A private elementary school in Miami has asked its employees to not get a COVID-19 vaccine and will not employ anyone who has gotten the vaccine, citing misinformation about the risks of vaccination.
Leila Centner, co-founder of the Centner Academy in the city’s Design District, said in a letter to parents the decision was not easy to make but that it’s unclear on the impact the “experimental drug” has on unvaccinated people.
“It is in the best interests of the children to protect them from the unknown implications of being in close proximity for the entire day with a teacher who has very recently taken the COVID-19 injection,” Centner said. “It is our policy, to the extent possible, not to employ anyone who has taken the experimental COVID-19 injection until further information is known.”
Another letter sent to parents last week stated employees would be required to fill out a form revealing whether they had received a vaccine or planned to do so. It also required employees to “acknowledge the School will take legal measures needed to protect the students if it is determined that I have not answered these questions accurately,” according to the New York Times.
A security guard walks the perimeter of the Centner Academy, Tuesday, April 27, 2021, in Miami. The private school founded by an anti-vaccination activist in South Florida has warned teachers and staff against taking the COVID-19 vaccine. (Photo: Marta Lavandier, AP)
Centner suggested vaccinated individuals can pass along symptoms to those unvaccinated, a claim that has been debunked by doctors and medical experts.
Additionally, in her letter Centner claimed women across the world have reported reproductive issues from being near vaccinated individuals, resulting in miscarriages and complete loss of menstruation. The statement disregarded recent studies that proved COVID-19 vaccines were safe and effective for pregnant women and those who are breastfeeding.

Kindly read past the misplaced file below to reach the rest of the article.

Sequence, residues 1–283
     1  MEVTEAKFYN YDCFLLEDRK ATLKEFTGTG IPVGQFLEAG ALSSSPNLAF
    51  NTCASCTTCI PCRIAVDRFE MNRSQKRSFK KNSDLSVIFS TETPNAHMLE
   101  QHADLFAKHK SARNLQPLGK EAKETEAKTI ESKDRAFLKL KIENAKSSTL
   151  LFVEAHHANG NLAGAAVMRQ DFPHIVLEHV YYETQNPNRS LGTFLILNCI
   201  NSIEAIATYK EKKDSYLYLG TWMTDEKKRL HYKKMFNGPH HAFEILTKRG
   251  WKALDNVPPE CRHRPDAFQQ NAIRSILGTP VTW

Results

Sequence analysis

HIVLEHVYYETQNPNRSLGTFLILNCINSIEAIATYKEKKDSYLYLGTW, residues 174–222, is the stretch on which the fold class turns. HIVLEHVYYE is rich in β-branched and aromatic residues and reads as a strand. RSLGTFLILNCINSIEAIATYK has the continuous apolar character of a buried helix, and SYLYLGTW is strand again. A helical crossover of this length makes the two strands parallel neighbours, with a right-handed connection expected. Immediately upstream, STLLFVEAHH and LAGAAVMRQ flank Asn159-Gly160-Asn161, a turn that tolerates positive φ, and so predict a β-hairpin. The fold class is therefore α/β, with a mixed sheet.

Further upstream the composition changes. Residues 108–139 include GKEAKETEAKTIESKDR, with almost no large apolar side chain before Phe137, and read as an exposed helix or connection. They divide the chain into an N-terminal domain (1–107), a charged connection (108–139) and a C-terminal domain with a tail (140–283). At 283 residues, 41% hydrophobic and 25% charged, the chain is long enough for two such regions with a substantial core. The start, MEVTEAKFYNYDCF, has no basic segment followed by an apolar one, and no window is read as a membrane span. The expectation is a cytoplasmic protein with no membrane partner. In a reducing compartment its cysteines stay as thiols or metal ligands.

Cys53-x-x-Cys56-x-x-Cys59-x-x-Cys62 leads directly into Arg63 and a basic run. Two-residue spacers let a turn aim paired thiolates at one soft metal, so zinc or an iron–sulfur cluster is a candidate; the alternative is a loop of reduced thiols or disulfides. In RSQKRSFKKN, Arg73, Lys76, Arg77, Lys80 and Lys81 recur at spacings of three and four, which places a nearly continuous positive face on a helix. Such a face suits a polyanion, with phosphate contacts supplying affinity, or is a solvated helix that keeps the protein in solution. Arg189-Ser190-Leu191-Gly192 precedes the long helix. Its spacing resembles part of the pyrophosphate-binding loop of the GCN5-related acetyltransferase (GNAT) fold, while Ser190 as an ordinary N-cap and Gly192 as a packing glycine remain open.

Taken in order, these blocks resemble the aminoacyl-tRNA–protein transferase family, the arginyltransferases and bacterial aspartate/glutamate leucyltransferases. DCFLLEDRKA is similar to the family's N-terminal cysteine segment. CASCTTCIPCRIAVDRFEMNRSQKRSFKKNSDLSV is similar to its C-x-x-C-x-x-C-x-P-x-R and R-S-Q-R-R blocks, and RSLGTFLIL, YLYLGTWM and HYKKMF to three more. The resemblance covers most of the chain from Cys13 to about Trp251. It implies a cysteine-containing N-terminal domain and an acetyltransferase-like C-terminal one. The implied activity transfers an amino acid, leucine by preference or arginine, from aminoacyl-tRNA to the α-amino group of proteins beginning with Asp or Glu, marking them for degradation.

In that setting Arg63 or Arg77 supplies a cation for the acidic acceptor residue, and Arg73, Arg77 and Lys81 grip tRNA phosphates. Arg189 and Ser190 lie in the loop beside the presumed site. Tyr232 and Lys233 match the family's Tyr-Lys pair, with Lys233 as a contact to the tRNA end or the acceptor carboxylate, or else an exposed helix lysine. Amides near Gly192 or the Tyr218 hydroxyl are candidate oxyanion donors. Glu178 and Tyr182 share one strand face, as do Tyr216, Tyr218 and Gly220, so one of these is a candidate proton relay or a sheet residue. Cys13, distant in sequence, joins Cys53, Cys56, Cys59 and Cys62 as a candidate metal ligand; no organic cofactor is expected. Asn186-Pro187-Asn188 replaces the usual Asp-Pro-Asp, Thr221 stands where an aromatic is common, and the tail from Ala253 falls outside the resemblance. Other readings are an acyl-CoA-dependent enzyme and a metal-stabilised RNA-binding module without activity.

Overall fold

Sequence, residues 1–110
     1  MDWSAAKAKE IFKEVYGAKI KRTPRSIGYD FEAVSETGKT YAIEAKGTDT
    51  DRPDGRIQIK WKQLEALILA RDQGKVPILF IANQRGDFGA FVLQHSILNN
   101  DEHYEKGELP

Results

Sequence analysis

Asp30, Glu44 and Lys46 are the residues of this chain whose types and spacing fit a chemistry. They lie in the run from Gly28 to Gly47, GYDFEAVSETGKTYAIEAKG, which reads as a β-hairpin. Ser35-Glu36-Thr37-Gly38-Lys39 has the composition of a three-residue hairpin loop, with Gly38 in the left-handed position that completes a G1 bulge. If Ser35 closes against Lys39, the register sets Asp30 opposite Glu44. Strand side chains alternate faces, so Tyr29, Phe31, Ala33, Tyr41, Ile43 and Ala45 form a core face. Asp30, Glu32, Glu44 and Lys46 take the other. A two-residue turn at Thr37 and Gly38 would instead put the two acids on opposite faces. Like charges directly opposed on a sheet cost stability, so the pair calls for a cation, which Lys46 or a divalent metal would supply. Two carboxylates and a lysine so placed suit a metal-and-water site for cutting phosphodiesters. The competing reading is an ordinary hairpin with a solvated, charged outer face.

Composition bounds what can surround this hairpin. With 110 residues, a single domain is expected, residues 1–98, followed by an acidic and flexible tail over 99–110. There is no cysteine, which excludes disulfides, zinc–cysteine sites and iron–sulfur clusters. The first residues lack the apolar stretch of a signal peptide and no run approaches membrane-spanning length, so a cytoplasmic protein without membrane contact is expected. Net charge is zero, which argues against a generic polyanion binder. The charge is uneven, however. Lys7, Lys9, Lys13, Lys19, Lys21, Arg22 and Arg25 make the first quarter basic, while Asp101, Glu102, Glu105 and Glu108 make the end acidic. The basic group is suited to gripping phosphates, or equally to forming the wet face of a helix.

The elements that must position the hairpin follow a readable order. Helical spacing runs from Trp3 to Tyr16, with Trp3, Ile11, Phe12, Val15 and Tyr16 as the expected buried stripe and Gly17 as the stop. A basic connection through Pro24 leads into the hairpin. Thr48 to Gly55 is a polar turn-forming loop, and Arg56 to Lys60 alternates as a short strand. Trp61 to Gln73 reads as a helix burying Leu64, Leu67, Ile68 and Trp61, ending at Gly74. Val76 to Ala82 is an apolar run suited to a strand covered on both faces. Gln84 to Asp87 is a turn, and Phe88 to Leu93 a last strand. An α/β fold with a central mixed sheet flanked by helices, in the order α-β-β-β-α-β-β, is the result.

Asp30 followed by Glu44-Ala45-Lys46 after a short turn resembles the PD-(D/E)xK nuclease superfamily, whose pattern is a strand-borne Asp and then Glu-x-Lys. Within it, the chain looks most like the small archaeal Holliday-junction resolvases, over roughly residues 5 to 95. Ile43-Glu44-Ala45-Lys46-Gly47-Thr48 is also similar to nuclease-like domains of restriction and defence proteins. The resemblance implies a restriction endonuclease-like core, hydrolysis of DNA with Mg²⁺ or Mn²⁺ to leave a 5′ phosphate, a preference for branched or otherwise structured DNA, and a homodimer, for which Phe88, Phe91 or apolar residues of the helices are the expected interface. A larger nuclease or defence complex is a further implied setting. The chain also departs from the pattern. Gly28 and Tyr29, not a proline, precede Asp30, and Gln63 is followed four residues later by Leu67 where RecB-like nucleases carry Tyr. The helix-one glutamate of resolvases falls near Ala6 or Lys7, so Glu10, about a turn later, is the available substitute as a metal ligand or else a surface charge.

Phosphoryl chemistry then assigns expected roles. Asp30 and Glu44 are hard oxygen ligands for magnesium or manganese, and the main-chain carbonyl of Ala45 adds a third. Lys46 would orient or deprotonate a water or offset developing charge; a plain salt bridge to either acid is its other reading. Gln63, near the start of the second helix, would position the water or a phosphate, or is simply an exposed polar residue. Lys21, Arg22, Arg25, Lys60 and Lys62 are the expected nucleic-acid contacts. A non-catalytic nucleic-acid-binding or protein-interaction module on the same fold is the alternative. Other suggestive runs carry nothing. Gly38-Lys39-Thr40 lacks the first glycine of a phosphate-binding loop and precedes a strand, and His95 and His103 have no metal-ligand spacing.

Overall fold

Nearly 30% of Americans are fully vaccinated from COVID-19, with over 42% of the population receiving a first dose, according to the Center for Disease Control and Prevention.
Incorporated in 2018, Centner Academy was founded by Centner and her husband, David, a technology entrepreneur. The school charges $15,160 annually for part-time Pre-K grades, $24,500 per year for K-5th grades and $30,000 a year in tuition for middle school, per its website.
The United Teachers of Dade County released a statement on the matter, saying Centner Academy’s decision is unsafe and spreads vaccine myths.
Schools such as Centner Academy “not only teach misinformation and peddle propaganda, they punish teachers who try to protect themselves and their families. We are horrified by the unsafe conditions and labor violations that colleagues at schools such as this one have to endure due to lack of union representation and contract rights,” the statement said.
In a statement sent to NBC South Florida, Centner said the school would not re-evaluate its decision until it the COVID-19 vaccines are approved by the Food and Drug Administration.
“We are not 100% sure the COVID injections are safe and there are too many unknown variables for us to feel comfortable at this current time,” Centner said.
COVID-19 vaccines are authorized by the FDA for emergency use, which the agency says happens when its “scientific experts have determined that the known and potential benefits of the vaccine outweigh its known and potential risks.”
Follow Jordan Mendoza on Twitter: @jord_mendoza.
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